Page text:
Voluntourism: Travel that Makes a Difference
Voluntourism is the buzz word for volunteer tourism, a great way to experience volunteering on a whole new level!
The term “voluntourism,” according to Voluntourism.org, was first used in 1998 by the Nevada Board of Tourism to recognize certain individuals that "volunteered" to support "tourism." Twenty years later, voluntourism is indeed catching on: according to a recent MSNBC.com and Conde Nast Traveler survey, more than half of the respondents expressed an interest in taking a voluntourism vacation.
So why is voluntourism so popular?
Voluntourism is just one chance to do more, to see the world, and get involved. Interested in international travel? You could spend two weeks helping schoolchildren in Ghana or building a community center in China.
What about here in the US? Not to worry - there are plenty of domestic programs to choose from.
“Volunteering opportunities runs the gamut of skills,” says Randy Punley, director of United Way's Alternative Spring Break programs in Baton Rouge, LA. “For instance, if you’re an accountant you can train people to do tax prep, or on your lunch break, you could serve food at homeless shelter.”
WHN EXPERT TIP: Choose BothIf you’re just starting out, consider choosing a trip that has both service and tourism activities.
- David Clemmons, the founder of VolunTourism.org, a volunteer tourism information and educational web site.
For example, the Alternative Spring Break program, organized by the United Way with help from CheapTickets.com and MTV, provides a voluntourism getaway for thousands of college-aged individuals.
“It’s just a great way to give back,” says Brian Sawyer, leader of the Biloxi, MS, Alternative Spring Break program, where students spend weeks rebuilding and repairing homes damaged during Hurricanes Katrina as well as conducting an assessment needs intake and assisting United Way case managers. “If that was me, I’d want someone to do the same thing. People can be inspired and inspire people who are in the community. It really helps make a community stable and then they can also give back.”
Bike & Build is another voluntourism opportunity for college-aged individuals. The organization raises funds and coordinates cross-country bicycle trips where riders assist and participate in affordable housing opportunities. In order to participate in Bike & Build, each rider agrees to raise a minimum of $4,000 in donations to go towards the building projects, their bike gear and the costs associated with the two-month long bike ride.
”Everyone says [Bike and Build] is an absolutely amazing experience, especially when they’re looking back on the trip,” says Brendan Newman, Bike and Build Program Director. “Everyone pretty much winds up falling in love with the organization, I’m lucky enough that I got to work here!”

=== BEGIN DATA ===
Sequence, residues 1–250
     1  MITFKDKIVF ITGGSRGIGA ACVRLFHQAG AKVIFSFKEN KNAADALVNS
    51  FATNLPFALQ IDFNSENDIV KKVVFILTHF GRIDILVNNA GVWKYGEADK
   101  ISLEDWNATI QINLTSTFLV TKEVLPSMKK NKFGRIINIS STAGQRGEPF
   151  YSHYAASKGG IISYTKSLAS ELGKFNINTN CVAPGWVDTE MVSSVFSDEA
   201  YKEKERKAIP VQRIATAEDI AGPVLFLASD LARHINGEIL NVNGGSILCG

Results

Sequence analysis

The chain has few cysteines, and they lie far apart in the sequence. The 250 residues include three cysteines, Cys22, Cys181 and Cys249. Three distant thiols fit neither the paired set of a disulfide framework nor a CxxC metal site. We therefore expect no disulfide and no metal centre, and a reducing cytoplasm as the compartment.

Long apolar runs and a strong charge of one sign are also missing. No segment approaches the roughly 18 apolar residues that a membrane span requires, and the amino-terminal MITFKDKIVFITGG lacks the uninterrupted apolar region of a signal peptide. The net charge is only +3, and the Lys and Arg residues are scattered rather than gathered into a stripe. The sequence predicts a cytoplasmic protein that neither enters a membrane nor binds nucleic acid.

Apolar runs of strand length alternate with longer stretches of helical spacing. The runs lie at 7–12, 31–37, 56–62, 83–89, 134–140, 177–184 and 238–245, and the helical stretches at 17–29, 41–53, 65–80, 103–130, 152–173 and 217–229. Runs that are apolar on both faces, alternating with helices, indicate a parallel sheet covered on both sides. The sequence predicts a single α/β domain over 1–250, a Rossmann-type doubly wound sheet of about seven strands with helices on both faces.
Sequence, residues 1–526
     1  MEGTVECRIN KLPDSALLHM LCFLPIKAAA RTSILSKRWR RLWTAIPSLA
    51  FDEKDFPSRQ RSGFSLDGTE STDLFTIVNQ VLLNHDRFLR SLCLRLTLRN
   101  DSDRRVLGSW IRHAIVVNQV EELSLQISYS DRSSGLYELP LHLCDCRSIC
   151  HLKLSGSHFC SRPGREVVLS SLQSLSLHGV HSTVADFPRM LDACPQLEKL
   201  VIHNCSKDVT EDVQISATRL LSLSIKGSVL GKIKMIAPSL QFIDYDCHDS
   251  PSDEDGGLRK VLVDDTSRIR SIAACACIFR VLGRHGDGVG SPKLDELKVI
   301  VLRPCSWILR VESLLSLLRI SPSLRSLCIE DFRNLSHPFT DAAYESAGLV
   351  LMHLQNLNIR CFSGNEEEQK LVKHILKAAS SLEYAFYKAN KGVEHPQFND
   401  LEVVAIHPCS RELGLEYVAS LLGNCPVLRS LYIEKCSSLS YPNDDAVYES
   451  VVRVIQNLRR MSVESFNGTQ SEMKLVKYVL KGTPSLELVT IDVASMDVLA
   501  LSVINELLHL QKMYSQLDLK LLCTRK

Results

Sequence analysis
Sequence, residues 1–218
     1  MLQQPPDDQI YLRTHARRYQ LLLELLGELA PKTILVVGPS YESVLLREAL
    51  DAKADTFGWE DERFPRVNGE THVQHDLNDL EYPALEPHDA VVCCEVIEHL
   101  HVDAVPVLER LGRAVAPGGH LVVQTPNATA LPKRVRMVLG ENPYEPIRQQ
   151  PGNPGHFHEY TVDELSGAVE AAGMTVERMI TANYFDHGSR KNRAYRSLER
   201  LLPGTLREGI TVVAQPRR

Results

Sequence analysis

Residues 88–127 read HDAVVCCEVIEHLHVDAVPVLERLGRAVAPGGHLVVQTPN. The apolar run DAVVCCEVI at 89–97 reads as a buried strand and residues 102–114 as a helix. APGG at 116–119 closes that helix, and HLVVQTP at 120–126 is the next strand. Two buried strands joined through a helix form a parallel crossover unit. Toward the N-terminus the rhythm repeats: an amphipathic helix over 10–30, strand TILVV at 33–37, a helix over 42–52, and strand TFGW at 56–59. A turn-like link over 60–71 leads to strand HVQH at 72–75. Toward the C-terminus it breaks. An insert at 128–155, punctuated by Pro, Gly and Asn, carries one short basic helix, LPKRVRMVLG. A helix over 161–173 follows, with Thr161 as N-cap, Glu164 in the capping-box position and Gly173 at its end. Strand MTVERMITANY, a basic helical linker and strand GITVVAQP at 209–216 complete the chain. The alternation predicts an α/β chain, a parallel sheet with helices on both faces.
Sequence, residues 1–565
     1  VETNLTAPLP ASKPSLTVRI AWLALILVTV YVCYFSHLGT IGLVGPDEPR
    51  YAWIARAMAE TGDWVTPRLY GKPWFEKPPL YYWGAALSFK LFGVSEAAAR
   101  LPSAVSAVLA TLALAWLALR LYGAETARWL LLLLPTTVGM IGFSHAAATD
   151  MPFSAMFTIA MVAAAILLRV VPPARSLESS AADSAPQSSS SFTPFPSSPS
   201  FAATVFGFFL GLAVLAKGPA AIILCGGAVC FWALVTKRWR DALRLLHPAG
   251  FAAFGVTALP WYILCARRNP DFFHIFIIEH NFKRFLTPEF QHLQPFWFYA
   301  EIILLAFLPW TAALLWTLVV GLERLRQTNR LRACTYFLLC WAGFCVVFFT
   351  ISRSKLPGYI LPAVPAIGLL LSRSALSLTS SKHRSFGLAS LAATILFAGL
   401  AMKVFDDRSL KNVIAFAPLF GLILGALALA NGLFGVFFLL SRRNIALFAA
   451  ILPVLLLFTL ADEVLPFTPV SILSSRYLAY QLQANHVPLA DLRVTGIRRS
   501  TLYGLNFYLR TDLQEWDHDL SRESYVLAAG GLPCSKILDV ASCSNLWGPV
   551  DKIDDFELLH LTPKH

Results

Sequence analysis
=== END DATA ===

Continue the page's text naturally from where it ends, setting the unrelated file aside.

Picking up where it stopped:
Although college-aged and spring break opportunities are highlighted here, there are many opportunities out there: you can bring your family, go for business or have a voluntourism-oriented honeymoon!! You can select programs based on your age, budget, time commitment, time of year, preferred destination(s) (think cold or warmer climates), and volunteer interests.
A List of Sample Programs:
- Build a local community center in Brazil
- Stay with a family in Thailand while assisting with Tsunami relief
- Spend a week helping local communities and teaching English in Mexico
Interested in learning more or not sure how to get started?
Here are 10 easy questions (thanks to Voluntourism.org for this list!) to get you thinking about your dream vacation and volunteering experience:
Where Do I Want To Go? From Voluntourism.org:
- Question #1: What is my personal minimum requirement for accommodations?
For example: Do you need running water? Your own bed? Room?
- Question #2: How much money can I truly spend to pay for a VolunTourism trip?
Think about what you can afford without being anxious about expenses during the entire trip.
- Question #3: How much time/percentage of my trip do I want to dedicate to volunteering and how much to travel & tourism?
- Question #4: How sensitive am I to deprivation, poverty, starvation, health issues, etc.?
For example, can you mentally and emotionally process being with children who have no arms or legs, or cleft palates, or bloated stomachs from malnutrition?
WHN EXPERT TIP: How Fit Are You…Really?Remember your physical ability level. If you sit behind a desk all day, transitioning from that to building houses for hours on end will be difficult. Consider your health when planning your trip
– David Clemmons, VolunTourism.org
- Question #5: What tolerance do I have for extremes in climate?
For example, is desert heat an issue? Arctic cold? Rainforest humidity?
- Question #6: What food preferences and aversions do I have?
Can you eat anything? Vegetarian only? Food allergies?
- Question #7: How good are my people skills in relation to travel?
For example, do you feel comfortable speaking with anyone, anywhere, regardless of who it may be? Only people you know? Do you like to travel alone?
- Question #8: What travel experience do I have - domestic? International? None?
- Question #9:What volunteer experience do I have?
Helping your brother or sister with his/her homework does not count!
- Question #10: What voluntary service would I like to perform?
You may not have a preference, but by asking this question, you will know if you do.
If you’d like more information on planning your next VolunTourism trip, visit VolunTourism.org for more facts sheets and tips.
WHN TIP: What to PackAlready decided on a program? Not sure what to pack? Check with your Voluntourism program coordinator or website for a checklist. Still not sure? Read our WHN Travel checklist for ideas.